I think it’s fantastic, you know, just to even be a part of this. And to be able to see how True Colors United has grown and done so much, I am so extremely proud of everyone for how hard they work. I mean, I’m in front of you … but there were so many people that are working behind the camera and offer their services for free. It’s extraordinary.
The pandemic has obviously had an impact on how the show is being done this year. How did you go about retranslating this show so that we can still get this message out?
You know, in the summer I did some live stuff with President-elect Joe Biden, Vice President-elect Kamala Harris, and some stuff for Speaker Pelosi. And we started to watch all of these different live things — my manager was watching this one thing for Covenant House that was spectacular.
So between us, we found a company and a director that could help us. They stepped up and I think that without them, I don’t know how we could do this. So I’m very grateful to [director] Jeff Calhoun, who brought them to us, and this idea of what we could do. And TikTok! TikTok has been so great, such a great partner for True Colors United. Let me tell you, they’re incredible.
As you mentioned earlier, homelessness among LGBTQ youth is still an extremely pressing problem. What do you hope to see the incoming presidential administration do to tackle this issue?
Yes, it’s still very bad out there, especially with these organizations who take federal money and still impose their religious beliefs on a place that takes in homeless youth. We’re not a religious state! The pilgrims came here — not that I’m saying that they were so fabulous — but they came here for religious freedom! The whole idea of separation of church and state was that we would be governed by laws, not religion. So when you take federal money and you impose your religious beliefs on the people that are coming to really get help, then that should not be legal. Either you are, or you are not, helping everyone. If you’re only helping some people, then you got to go to your parish or whoever and get money from them.
Now, I believe in my heart that most Americans are fair-minded. It’s easy for some people to point fingers at other people and say, “It’s all their fault! Or it’s this one! And it’s that one!” But that’s never a good idea, because you never know when you’re going to be on the other side of the finger-pointing. We’ve got to work together to make change and help each other. And if we include everyone, we just increase our odds of success.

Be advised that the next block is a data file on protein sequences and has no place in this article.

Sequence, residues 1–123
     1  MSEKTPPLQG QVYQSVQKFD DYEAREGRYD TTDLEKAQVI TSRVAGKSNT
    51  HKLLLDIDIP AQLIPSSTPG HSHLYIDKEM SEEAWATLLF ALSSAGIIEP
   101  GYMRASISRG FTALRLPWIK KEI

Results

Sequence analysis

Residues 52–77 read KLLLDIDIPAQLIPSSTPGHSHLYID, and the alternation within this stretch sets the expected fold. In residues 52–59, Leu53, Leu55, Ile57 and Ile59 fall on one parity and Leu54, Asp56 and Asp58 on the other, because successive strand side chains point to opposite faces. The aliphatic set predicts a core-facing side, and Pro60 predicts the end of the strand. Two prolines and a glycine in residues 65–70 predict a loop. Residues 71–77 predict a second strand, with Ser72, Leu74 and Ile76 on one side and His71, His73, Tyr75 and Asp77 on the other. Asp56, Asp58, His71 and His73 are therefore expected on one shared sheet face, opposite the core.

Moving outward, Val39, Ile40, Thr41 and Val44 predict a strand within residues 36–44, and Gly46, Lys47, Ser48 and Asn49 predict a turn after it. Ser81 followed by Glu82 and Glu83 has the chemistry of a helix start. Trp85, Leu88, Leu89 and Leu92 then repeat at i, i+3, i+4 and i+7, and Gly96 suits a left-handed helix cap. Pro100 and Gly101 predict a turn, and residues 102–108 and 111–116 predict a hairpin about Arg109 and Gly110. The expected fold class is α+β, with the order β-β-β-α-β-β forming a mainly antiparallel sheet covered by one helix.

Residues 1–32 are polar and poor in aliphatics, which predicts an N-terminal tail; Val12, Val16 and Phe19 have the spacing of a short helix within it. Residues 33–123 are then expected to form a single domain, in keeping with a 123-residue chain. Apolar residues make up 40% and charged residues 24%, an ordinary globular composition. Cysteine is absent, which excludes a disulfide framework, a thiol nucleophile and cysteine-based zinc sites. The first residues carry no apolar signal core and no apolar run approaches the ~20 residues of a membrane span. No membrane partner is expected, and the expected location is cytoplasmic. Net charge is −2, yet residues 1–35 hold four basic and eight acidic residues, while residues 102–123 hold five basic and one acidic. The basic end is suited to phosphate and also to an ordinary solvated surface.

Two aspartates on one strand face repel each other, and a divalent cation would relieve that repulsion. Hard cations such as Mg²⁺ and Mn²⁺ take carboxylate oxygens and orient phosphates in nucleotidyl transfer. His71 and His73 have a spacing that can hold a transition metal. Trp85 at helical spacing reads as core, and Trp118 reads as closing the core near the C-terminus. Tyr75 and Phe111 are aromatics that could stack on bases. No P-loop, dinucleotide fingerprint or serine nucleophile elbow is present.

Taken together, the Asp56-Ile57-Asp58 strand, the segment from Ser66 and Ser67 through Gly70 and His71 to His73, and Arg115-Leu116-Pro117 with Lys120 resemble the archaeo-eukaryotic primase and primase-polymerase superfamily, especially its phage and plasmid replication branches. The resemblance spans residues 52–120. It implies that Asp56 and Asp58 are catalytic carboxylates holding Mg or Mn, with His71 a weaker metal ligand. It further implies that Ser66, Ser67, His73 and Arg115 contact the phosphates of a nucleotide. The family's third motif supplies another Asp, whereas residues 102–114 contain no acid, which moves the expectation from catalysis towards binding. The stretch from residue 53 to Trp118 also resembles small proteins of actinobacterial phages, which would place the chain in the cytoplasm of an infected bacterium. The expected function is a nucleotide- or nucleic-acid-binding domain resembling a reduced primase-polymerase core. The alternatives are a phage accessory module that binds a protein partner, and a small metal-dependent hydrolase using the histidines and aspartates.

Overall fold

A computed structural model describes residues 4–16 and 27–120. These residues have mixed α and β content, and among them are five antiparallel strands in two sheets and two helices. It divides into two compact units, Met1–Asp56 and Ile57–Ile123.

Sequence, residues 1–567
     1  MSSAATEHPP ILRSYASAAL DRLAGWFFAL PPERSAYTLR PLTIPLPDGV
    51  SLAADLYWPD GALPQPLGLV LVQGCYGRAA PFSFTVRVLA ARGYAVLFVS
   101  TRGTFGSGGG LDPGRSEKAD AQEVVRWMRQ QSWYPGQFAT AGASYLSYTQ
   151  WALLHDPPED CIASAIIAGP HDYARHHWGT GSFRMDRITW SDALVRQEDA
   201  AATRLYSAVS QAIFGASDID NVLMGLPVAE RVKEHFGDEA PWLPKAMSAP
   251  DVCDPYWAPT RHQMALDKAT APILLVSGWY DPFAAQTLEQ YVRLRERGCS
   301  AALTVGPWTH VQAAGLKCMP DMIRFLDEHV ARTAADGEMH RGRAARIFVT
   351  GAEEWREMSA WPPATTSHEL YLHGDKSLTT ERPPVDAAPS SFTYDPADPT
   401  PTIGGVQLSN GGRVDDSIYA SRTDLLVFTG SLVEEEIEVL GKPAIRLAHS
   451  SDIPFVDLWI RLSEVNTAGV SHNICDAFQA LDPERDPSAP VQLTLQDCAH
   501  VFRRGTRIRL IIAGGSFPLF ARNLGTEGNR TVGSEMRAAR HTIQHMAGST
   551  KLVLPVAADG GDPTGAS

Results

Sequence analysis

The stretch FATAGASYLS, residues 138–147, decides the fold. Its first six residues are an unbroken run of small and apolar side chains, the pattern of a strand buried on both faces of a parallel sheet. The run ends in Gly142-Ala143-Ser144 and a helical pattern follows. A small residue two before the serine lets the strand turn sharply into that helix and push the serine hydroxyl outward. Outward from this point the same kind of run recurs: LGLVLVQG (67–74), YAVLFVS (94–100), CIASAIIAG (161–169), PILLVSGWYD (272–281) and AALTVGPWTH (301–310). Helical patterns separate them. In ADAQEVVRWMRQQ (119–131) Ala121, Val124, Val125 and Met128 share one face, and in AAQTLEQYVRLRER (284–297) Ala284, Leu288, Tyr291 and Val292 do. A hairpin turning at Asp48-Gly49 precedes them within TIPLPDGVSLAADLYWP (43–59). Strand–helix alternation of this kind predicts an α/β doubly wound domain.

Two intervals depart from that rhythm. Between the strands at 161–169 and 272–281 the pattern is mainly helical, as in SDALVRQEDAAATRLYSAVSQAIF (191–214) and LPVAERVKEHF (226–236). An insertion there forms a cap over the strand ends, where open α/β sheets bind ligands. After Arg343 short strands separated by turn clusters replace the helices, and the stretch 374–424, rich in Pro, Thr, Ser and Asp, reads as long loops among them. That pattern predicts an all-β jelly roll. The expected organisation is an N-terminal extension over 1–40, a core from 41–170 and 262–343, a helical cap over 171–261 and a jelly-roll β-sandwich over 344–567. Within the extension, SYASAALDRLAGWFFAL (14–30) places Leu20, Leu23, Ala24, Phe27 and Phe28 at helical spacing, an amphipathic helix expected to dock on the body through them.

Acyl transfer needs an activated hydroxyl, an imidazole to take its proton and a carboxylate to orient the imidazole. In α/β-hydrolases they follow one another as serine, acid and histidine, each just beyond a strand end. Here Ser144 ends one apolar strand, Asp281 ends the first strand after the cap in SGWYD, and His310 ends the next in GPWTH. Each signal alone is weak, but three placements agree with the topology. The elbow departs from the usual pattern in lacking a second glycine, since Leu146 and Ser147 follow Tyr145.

Over the years, you have garnered a reputation as an extremely outspoken ally for the LGBTQ community — to any artist, or frankly any other person — trying to be a better ally to the community. What advice would you offer to them?
First, let me say that I am a friend and family member of this community. Where I grew up, you don’t stand by while your family is mistreated and have their civil rights stripped. I just grew up in the Civil Rights era. We have a long history of civil rights issues in our country that’s supposed to be a country of free-minded Americans. If it doesn’t apply to all people, it’s got to.
Here’s what I’m saying: Share your story. A lot of times you’ll be working next to somebody, you don’t even know what their story is at home. You don’t even know how some law you’re voting for is going to affect your buddy. Unless we can talk to each other, then how are you going to know? The best thing in any civil rights movement is to go get straight people, and then go get gay people, lesbian people, trans people, get as many different people as you can, put them up in front of people and say, “I give a damn. Do you?”
Cyndi Lauper’s Home for the Holidays benefit concert will take place live on TikTok Friday, Dec. 11, at 8 p.m. ET, with a second stream of the event taking place on YouTube and Facebook on Sunday, Dec. 13, at 8 p.m. ET.